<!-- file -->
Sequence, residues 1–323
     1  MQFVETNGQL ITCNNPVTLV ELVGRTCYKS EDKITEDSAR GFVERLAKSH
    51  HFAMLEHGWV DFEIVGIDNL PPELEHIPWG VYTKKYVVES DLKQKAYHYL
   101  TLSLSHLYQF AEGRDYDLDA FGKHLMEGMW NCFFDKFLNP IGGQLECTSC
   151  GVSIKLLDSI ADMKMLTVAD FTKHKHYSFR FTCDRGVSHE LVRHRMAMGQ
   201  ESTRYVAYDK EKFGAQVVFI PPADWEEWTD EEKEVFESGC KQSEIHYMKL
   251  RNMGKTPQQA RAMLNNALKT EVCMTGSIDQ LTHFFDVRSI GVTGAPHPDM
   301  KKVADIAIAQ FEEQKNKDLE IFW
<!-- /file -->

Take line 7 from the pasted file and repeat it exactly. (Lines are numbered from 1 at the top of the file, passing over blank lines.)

   251  RNMGKTPQQA RAMLNNALKT EVCMTGSIDQ LTHFFDVRSI GVTGAPHPDM